The key is knowing truth from fiction, fact from judgment and theory from "Law" (as in the "laws of physics"). We must be dedicated to truth. Why do you suppose that the foundational principles of military life are about order and discipline. It is an illusion. It is a lie we tell ourselves. Someday we might truly develope the wisdom to know the difference between what we can control and what we cannot. Bush did not destroy us, as long as we take these lessons and apply them in ways that line up with the truth of the universe.(if we continue to get bogged down in concerns about corporations and greed, we will eventually suffer consequences that cannot be solved by us). For me, this administration has made it abundantly clear what the consequences would look like if this value system were to continue. Truth.

The earth needs our help. Humanity needs our help. Generosity of action helps. Love works. Hatred has dire consequences. Giving helps all of humanity and the universe. Doing for a greater good, for a set of values that focuses on what is effective for the many instead of the few, works. We know what works. Democrats need to sit down and make big lists of what works. What we know to be true and let that list lead us to the next action.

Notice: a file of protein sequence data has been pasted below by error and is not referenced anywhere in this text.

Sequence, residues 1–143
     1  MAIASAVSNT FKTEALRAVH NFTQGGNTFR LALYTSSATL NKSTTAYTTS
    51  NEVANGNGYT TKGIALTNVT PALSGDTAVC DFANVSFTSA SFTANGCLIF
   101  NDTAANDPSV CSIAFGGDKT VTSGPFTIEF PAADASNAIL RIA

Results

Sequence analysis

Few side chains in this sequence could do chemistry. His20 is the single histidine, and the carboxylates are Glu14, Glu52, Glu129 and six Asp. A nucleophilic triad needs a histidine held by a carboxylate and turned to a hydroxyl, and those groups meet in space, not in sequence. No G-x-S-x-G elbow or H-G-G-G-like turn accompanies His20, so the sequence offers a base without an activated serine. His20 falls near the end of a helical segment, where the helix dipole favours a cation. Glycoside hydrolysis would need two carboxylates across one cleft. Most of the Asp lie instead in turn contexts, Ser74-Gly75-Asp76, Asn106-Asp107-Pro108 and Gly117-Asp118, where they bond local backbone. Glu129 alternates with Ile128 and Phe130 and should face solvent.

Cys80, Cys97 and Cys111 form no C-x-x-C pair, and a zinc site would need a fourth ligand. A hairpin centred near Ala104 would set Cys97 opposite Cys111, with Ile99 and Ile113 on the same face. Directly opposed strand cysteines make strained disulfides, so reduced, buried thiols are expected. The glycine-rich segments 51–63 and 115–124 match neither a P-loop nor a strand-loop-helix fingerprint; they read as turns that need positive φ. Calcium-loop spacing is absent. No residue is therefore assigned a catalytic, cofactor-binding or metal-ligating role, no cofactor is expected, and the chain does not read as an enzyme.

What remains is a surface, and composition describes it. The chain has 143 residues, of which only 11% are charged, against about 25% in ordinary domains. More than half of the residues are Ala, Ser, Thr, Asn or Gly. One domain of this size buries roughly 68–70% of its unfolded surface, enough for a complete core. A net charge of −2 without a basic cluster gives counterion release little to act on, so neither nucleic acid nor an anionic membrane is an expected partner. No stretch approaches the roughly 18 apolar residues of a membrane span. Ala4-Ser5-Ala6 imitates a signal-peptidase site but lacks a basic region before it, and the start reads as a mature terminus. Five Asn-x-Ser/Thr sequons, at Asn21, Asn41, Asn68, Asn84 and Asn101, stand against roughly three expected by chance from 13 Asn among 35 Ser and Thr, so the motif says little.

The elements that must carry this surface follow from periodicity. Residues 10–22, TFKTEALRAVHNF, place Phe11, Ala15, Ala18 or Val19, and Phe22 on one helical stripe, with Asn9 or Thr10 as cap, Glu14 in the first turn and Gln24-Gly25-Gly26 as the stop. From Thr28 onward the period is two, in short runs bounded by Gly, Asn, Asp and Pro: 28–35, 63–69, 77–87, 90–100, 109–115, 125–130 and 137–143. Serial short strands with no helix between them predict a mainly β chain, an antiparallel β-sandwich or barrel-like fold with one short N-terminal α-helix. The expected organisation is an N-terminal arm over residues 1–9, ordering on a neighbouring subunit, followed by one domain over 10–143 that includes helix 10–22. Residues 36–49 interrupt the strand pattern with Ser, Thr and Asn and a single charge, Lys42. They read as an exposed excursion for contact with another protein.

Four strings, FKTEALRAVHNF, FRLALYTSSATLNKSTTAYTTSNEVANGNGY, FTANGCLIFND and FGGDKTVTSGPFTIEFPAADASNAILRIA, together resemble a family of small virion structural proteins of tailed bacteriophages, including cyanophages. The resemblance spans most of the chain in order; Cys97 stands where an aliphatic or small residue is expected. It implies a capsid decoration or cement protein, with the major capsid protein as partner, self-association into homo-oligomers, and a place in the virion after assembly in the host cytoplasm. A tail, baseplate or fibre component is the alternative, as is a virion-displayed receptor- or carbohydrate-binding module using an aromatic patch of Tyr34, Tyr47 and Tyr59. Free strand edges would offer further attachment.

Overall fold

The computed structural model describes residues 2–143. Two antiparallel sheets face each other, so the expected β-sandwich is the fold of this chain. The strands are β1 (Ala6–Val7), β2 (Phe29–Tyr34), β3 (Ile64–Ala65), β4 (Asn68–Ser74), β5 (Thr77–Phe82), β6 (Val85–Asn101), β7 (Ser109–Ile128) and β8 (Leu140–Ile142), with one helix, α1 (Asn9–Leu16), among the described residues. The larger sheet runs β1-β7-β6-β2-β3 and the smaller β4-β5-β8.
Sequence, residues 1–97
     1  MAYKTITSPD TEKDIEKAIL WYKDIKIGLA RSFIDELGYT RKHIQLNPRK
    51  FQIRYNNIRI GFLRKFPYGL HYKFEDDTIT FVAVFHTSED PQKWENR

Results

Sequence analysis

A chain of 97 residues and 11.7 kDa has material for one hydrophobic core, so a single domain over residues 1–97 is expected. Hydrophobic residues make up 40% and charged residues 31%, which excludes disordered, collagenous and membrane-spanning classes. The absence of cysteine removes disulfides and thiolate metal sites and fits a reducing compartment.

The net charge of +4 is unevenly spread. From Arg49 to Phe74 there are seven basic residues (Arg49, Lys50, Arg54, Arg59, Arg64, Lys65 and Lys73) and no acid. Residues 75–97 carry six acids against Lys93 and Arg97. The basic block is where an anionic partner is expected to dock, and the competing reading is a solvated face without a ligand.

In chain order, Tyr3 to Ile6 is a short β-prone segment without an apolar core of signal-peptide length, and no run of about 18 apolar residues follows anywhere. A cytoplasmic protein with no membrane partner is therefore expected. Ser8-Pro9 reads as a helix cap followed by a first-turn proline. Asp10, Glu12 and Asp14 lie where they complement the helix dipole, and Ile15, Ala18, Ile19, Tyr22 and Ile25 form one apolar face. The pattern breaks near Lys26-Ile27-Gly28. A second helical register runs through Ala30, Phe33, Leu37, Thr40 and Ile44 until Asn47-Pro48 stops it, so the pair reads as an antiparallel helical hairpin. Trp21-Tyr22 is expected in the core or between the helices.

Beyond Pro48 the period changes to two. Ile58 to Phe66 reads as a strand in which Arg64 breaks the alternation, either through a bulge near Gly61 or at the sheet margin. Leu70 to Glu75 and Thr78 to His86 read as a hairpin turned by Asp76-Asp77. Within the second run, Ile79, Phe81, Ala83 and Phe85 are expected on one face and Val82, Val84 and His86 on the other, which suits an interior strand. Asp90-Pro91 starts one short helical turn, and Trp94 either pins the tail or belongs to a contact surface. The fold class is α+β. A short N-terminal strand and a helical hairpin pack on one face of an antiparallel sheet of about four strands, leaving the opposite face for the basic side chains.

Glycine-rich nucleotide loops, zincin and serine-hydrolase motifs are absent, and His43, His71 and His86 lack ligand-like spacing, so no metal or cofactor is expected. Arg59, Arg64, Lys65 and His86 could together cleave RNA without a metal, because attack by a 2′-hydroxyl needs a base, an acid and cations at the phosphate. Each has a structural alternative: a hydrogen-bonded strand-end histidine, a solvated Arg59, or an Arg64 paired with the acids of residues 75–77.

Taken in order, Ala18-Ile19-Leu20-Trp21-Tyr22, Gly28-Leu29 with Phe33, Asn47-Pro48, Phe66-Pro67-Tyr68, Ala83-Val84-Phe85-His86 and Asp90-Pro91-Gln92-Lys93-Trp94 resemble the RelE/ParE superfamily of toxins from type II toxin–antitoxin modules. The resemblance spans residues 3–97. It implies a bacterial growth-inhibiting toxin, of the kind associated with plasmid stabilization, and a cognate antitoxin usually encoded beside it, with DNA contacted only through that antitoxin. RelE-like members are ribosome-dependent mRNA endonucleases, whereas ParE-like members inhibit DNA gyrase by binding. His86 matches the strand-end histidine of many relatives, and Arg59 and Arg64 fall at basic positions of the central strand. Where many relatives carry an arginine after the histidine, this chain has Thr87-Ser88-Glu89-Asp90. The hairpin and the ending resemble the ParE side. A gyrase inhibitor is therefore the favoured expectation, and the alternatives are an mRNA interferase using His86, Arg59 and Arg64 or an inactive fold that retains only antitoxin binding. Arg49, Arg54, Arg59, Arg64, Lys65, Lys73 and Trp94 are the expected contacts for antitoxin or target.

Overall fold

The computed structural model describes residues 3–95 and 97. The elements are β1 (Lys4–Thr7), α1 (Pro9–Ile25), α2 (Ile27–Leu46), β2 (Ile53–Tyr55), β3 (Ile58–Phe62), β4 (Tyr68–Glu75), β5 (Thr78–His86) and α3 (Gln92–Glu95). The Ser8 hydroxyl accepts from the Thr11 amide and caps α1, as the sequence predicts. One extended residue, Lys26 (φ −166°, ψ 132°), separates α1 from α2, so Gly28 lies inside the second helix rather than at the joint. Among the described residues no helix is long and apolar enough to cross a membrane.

``Do I believe that Warren Buffet born in Sudan would have still ended up to be a billionaire?? It is an advantage to be born in AmericaAs a result we have an obligation to better the universe according to a reality that we can only do our best to understand.''

Agreed. But it is also a good reason to work for a society in which there are no billionaires, such as Warren Buffet. If this is to be a just society, we require a much more even distribution of wealth and income.

I deal with ideas and conceptions all the time. And wrong ideas from the "top" are always hard to handle, and many times are parroted by all the flunkies. I have developed ways to handle these and to defuse situations. First of course is to always respect the person and their idea, and second is to bring other interests to bear. Hopefully the person on top is also sensitive to other interests.

People with loved ones names on a wall or a list wish to be easily able to find that name. They wish friends and relatives also to not have a problem.
Alphabetically is best, and chronologically is the next best. Even so a handy directory nearby is also useful.

I don't think invading Iraq was necessarily senseless, but after the brief war to unseat Sadam, the whole program went south.
If you argue that it was wrong, wrong, wrong to begin with, and seem to demand agreement, then you will lose some of your audience who didn't think that at the beginning, and may not think that now.

If you say it has been a debacle since 4 weeks after the start then most everyone will agree with you.

So what I advise is to not "go to the wall" on the start of the war (the opening), but to make good points on the "middle game" and the coming "end game" that will get a lot of people to agree with you.

As we say back where life is good and large, "flailing a dead horse is useless! Being a smart alec little kid, I sometimes said to my brothers "well it builds up your arm." [[... splat!]]

If I wanted people to agree with me I'd have become a politician.

Invading a country based on lies and without international support was wrong.